But how to keep those rolls accurate after people have registered, as they move around or change information or die? It can be extremely difficult to match up voter registrations with other records. Just using someone's name and birthday is almost never enough, and even with more sophisticated matching techniques, using Social Security numbers or data from a state's Department of Motor Vehicles, human error during input can prevent a researcher from figuring out if John Doe in Precinct 10 is the same John Doe who once lived in Precinct 5. Unlike other countries with citizen registries, Becker says "we don't have a magic list. We don't have a list of all citizens in the U.S."
In lieu of a national registry, Pew, along with eight participating states, is working to develop a national "data exchange"—one location where multiple data sources can be integrated, so that voter information is significantly more accurate. The states—Washington, Nevada, Utah, Colorado, Virginia, Maryland, Delaware, and Connecticut—oversee the exchange, and information is heavily protected with encryption to ensure privacy. The exchange is effective because states submit multiple sets of information, like tax records and Department of Motor Vehicle information, in addition to voter registration lists. Using sophisticated matching techniques, Pew helps the states process that information—discovering, for instance, that Jane Smith who voted in Virginia in 2008 has now moved to Maryland where she has registered to vote. Virginia can then place her on an "inactive voter" list while Maryland can be sure that her contact information is correct.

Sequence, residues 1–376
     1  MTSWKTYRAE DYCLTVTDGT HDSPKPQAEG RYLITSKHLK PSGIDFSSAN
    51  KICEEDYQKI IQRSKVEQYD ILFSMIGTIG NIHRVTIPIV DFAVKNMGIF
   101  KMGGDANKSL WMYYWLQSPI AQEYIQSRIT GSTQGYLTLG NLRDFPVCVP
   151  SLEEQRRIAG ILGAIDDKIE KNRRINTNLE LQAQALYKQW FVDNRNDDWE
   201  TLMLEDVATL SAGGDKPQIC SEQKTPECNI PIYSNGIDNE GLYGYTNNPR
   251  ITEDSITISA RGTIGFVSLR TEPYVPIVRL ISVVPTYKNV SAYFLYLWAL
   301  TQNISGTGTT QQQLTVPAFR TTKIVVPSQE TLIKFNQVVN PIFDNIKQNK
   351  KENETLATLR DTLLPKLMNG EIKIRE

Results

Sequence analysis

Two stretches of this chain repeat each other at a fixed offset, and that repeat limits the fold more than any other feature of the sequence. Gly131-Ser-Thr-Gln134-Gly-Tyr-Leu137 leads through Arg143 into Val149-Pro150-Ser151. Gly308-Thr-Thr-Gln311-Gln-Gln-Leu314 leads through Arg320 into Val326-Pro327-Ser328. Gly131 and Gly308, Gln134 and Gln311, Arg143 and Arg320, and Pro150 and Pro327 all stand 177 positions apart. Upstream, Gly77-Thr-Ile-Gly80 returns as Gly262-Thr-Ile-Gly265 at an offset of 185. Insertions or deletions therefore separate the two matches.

The exchange leaves all decisions up to the states. No registration is updated or purged automatically, and each state decides when and how to update its records. No voter is removed from a list without actively confirming that his or her information has changed. But by crosschecking data, states can contact voters who have moved at their new addresses. If all 50 states participated in the data exchange, it would allow elections officials to have a much easier time knowing who should be on the rolls and who shouldn't be, but all 50 states would retain authority over their data sets and voter registration lists.
In addition to saving money and increasing accuracy, these data exchanges also make it much easier to identify and register the millions of Americans who currently cannot vote simply because they haven't filled out the paperwork. The Pew report found that 24 percent of American citizens are currently unregistered—nearly one in four! Inaccurate rolls make it hard to figure out which people remain unregistered. But using the exchange, a state could compare tax records to the list of registered voters and actually see which eligible people still need to fill out a registration form. It's up to the states to decide what to do with such information. But just knowing exactly how many people are not registered would help to show how effective registration strategies are and what might be improved.
The data-exchange project makes the assumption that the more information a state has, the better. With so much polarization around voting procedures, it's hard to imagine any common ground between a voter registration groups and those pushing for more purges of voter rolls. But for those who are genuinely concerned about the integrity of the process, investing in a better system for voting registration should be a win-win.